As co-founder of product design studios, ustwo, and investor in early-stage creative companies, my role has always been about motivating and inspiring people to do the best work of their lives. Being a motivator doesn’t mean donning a neon unitard, though you wouldn’t need to ask me twice! I’ve spent my life not taking things too seriously—and that includes running a business and leading a team.
Ustwo has had its fair share of ups and downs. In our first six years, we launched 16 digital products—none of which worked. But this didn’t mean we stopped: stopped work, stopped being passionate about what we do, stopped having fun, stopped being productive.
I liken ustwo’s success to one of my endurance marathons—it’s been long, and we’ve had many struggles along the way, but it was only with these failures we were able to recognise what was going wrong. We never made the same mistake twice. We learned above all that we needed to focus the team more by shielding them from distractions and enabling them to do their best work. And even when things weren’t going our way, we still let them take risks. One of the biggest risks? Investing over £1 million to develop a mobile puzzle game called Monument Valley.
Being a cheerleader
Through our ups and downs, I’ve never stopped believing in the team and cheering them on from the sidelines. I was literally their biggest fan and tried to help to keep them on track. Every business needs a team leader who is dedicated to motivating and encouraging others, so that each member of the team believes that they are capable of great things and knows that they can also ask for help when they need it. If your team likes and believes in what they are doing, they’re able to filter out all the noise and be far more productive.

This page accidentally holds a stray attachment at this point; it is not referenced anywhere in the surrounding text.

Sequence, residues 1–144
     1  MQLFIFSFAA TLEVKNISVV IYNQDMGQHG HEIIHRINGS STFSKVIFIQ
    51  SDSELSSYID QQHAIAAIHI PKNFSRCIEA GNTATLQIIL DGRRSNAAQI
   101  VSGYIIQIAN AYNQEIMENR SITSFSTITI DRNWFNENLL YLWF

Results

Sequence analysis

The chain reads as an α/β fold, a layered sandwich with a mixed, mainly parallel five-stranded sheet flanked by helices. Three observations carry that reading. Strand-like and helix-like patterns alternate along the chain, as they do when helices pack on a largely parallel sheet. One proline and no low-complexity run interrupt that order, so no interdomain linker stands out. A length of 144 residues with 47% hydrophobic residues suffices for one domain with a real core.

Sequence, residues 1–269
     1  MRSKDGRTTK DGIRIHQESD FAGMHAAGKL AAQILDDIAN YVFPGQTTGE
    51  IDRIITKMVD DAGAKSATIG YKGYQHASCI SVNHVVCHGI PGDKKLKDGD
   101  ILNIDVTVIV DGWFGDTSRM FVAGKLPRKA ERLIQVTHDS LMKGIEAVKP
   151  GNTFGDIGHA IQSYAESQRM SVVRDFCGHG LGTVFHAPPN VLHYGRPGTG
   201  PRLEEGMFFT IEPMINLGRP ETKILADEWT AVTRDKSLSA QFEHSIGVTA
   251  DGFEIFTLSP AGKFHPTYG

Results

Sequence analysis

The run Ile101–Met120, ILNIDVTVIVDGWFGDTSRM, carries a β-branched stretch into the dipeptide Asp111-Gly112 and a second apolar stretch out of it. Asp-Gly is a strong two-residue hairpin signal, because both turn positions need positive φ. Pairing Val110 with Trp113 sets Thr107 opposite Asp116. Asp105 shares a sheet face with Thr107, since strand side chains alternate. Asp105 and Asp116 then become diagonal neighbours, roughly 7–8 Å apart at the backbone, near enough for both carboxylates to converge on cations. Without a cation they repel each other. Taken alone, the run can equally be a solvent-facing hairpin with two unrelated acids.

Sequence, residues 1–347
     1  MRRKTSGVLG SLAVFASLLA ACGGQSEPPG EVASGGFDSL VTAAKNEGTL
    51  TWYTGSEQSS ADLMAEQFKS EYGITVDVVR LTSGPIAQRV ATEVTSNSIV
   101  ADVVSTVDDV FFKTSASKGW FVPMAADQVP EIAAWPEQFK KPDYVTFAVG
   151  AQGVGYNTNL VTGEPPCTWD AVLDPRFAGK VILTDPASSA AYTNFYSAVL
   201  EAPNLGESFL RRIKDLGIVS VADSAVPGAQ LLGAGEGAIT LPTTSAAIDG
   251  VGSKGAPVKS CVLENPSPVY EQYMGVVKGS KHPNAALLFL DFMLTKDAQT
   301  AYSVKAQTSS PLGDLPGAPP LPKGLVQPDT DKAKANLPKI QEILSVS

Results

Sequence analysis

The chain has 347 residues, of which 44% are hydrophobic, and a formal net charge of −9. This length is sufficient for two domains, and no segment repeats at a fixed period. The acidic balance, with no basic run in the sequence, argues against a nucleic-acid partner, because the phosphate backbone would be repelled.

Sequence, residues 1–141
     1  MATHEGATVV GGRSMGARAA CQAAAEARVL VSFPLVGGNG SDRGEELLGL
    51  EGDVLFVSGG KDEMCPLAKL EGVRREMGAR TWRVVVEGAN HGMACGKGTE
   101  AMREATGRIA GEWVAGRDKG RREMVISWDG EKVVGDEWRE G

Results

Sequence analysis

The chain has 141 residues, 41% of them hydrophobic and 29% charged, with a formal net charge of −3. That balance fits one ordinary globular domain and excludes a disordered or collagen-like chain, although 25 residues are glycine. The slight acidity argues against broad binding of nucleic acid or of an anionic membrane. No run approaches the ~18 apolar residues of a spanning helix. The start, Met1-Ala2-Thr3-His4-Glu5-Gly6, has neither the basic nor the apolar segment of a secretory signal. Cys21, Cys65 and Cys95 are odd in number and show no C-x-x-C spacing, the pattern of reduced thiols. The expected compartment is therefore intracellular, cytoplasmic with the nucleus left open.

As lead encourager, you also need to build hype—not only for the press and your clients, but for your team. When we were working on Monument Valley, we were being told all the time by the outside world that the type of game we were making could never succeed. So I wrote an email to the team—with lots of capital letters and exclamation marks—as a reminder not to fear the doubters and that, if we stayed on course, we were going to create a multi-award winning game that could be played by even non-gamers. I said that it must make me say, “I wish ustwo had made that”. And it worked. We pulled it off. The game had over 200 million downloads and I’ve never been prouder than when we won an Apple Design Award (and two BAFTAs) for Monument Valley in 2014. Standing on the stage at Apple’s HQ in Cupertino meant the world to me.
Building a family
Another Mills-ism for you—“fampany”. I’m passionate about building a team of people who have genuine friendships, bond over their work and have utmost loyalty to each other and the company. You need to create an environment where you would want to work and would feel completely at ease—only then will you get the most out of the people you’ve chosen and trusted to be part of your fampany.